Function to print arbitrary integer array

This is a discussion on Function to print arbitrary integer array within the C Programming forums, part of the General Programming Boards category; Hi, There seems to be a problem with this function which is supposed to print any integer array passed to ...

  1. #1
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    Function to print arbitrary integer array

    Hi,
    There seems to be a problem with this function which is supposed to print any integer array passed to it.
    Code:
    void print_int_matrix(int *arb_array,int num_rows,int num_columns)
    {
       int i,j;
       for(i=0;i<num_rows;i++)
       {
           for(j=0;j<num_columns;j++)
           {
               printf("%d, ", *(arb_array + (i*num_columns + j)));
            
           }
           printf("\n");
       }
    }
    This is printing out some values okay, but some are completely wrong, as if its getting corrupted data. Is there a logical flaw I'm not catching. Also, I'm only using pointer arithmetic here because I couldn't get indexing ( i.e. arb_array[x][y]) to work. Is there a way to use indexing on arrays passed to functions?

    Thanks for any input

  2. #2
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    I ran a quick test on this function, and it appears to print out the test case I wrote just fine. Can you be more specific about how the output is corrupted? Perhaps write out a small "main()" function for us that compiles and exhibits the problem you're seeing?

    I'm only using pointer arithmetic here because I couldn't get indexing ( i.e. arb_array[x][y]) to work. Is there a way to use indexing on arrays passed to functions?
    I believe that once you go beyond single dimensional arrays, there is no way to avoid using pointer arithmetic as you have done here. Someone else here will correct me if I'm mistaken about this.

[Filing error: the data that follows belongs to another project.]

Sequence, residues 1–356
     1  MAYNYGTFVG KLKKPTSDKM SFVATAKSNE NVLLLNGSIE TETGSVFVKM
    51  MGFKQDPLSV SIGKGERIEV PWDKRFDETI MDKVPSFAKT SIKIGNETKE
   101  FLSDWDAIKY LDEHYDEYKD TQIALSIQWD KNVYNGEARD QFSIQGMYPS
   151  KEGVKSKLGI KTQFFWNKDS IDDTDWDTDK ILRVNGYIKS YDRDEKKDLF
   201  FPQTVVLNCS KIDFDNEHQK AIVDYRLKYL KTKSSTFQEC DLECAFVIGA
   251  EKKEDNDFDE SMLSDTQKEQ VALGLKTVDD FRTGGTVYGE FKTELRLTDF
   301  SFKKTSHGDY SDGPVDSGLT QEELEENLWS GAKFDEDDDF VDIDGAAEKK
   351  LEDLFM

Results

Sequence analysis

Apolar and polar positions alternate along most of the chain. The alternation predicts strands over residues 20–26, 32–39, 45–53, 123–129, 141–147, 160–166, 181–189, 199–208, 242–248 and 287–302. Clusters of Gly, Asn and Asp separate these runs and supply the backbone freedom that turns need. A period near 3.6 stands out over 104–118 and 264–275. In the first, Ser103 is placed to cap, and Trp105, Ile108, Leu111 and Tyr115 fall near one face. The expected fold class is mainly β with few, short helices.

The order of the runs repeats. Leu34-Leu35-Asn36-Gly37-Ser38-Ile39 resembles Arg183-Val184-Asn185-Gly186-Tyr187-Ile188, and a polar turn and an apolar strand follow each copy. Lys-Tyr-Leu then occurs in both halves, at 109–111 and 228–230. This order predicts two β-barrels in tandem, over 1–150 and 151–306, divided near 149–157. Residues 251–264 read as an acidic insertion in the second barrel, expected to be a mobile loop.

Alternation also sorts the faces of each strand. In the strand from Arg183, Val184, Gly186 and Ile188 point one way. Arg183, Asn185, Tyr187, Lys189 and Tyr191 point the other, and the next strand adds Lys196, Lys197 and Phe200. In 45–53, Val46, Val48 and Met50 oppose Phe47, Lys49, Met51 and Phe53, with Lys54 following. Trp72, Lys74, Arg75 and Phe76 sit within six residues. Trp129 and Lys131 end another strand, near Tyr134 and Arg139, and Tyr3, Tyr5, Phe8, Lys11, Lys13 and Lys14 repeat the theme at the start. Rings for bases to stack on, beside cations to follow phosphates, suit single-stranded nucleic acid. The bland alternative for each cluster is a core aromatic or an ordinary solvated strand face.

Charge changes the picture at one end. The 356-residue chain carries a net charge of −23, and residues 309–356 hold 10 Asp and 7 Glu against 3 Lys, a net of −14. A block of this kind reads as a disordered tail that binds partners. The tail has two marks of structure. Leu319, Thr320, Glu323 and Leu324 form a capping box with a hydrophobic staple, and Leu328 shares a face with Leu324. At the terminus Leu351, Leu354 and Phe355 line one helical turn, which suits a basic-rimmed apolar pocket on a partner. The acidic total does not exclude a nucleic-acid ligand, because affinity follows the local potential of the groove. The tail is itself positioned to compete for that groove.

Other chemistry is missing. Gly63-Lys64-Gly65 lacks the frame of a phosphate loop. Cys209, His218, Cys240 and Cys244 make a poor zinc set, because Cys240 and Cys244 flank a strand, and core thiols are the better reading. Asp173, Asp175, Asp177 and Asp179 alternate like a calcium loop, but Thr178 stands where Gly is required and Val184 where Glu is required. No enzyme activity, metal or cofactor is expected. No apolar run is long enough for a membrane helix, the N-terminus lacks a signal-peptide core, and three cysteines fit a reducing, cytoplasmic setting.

3. #3
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    Thanks Matticus,
    Yes, it's a bit confusing as it sometimes seems to work okay, as evidently it did for you. Here's a lead-in to where it malfunctions. The following loads/converts a character array to an integer array using atoi.

    Code:
    for(i=0;i<NUM_NOUNS;i++)
     {
        for(j=0;j<NUM_VERBS;j++)
        {
          nv_matrix[i][j]=atoi(my_array[i][j]);
          // printf("%d ",nv_matrix[i][j]);
    
        }
       printf("\n");
     }
    If you enable the printf statement it will print out the converted values correctly. But when you call the aforementioned function like this

    Code:
    print_int_matrix((int *)nv_matrix,NUM_NOUNS,NUM_VERBS);
    it will then produce corrupted values. I've tried it on two compilers and both produce the corrupted results. I'm sure there is some logical error here I'm just not catching.

  4. #4
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    As requested, if you could provide a complete sample program that we can compile, that still exhibits the problem you're seeing, it would make it a lot easier for us to assist.

    If "nv_matrix" is of type int, try passing it to the function like so:

    Code:
    print_int_matrix(&nv_matrix[0][0],NUM_NOUNS,NUM_VERBS);

  5. #5
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    Hi,
    Thanks for your input, here's a full working example:

    Code:
    #include <stdio.h>
    #include <stdlib.h>
    #include <sys/types.h>
    #include <string.h>
    
    #define MAX_SOURCE_LINE_LENGTH 256
    #define NUM_NOUNS 6
    #define NUM_VERBS 4
    
    
    static void assign_matrix_vals(char *p[][6],char *z);
    int extract_str_left(char *return_str, char *orig_str, int num_chars, int str_pos);
    void restore_matrix(int arb_array[],int num_rows,int num_columns, int restore_num);
    void print_int_matrix(int arb_array[],int num_rows,int num_columns); 
    
    int main(int argc, char *argv[])
    {
    
    
      int nv_matrix[NUM_VERBS][NUM_NOUNS];
    
    
    
      char extracted_str[20];
      char *p_extracted_str;
      char *my_array[NUM_VERBS][NUM_NOUNS];
      int i,j,l,m,n;
    
      p_extracted_str=extracted_str;
     assign_matrix_vals(my_array,"2000");
    
      for(i=0;i<NUM_NOUNS;i++)
     {
        for(j=0;j<NUM_VERBS;j++)
        {
          nv_matrix[i][j]=atoi(my_array[i][j]);
          // printf("%d ",nv_matrix[i][j]);
    
        }
       printf("\n");
     }
    
    
     print_int_matrix((int *)nv_matrix,3,3);
    
      system("PAUSE");
      return 0;
    }
    
    
    int extract_str_left(char *return_str, char *orig_str, int num_chars, int str_pos)
    {
        int i, position;
        if((num_chars > strlen(orig_str))||(num_chars <=0)) return 1;
         position=str_pos-num_chars+1;
    
      for (i=0;i<num_chars-1;i++)
    
       {
         return_str[i]=orig_str[position+i];
       }
      return_str[num_chars-1]='\0';
      return 0;
    }
    
    void restore_matrix(int *arb_array,int num_rows,int num_columns, int restore_num)
    {
         int i;
         for(i=0;i<(num_rows*num_columns);i++)
         {
            *(arb_array + i)=restore_num;
         }
    }
    
    void print_int_matrix(int *arb_array,int num_rows,int num_columns)
    {
       int i,j;
       for(i=0;i<num_rows;i++)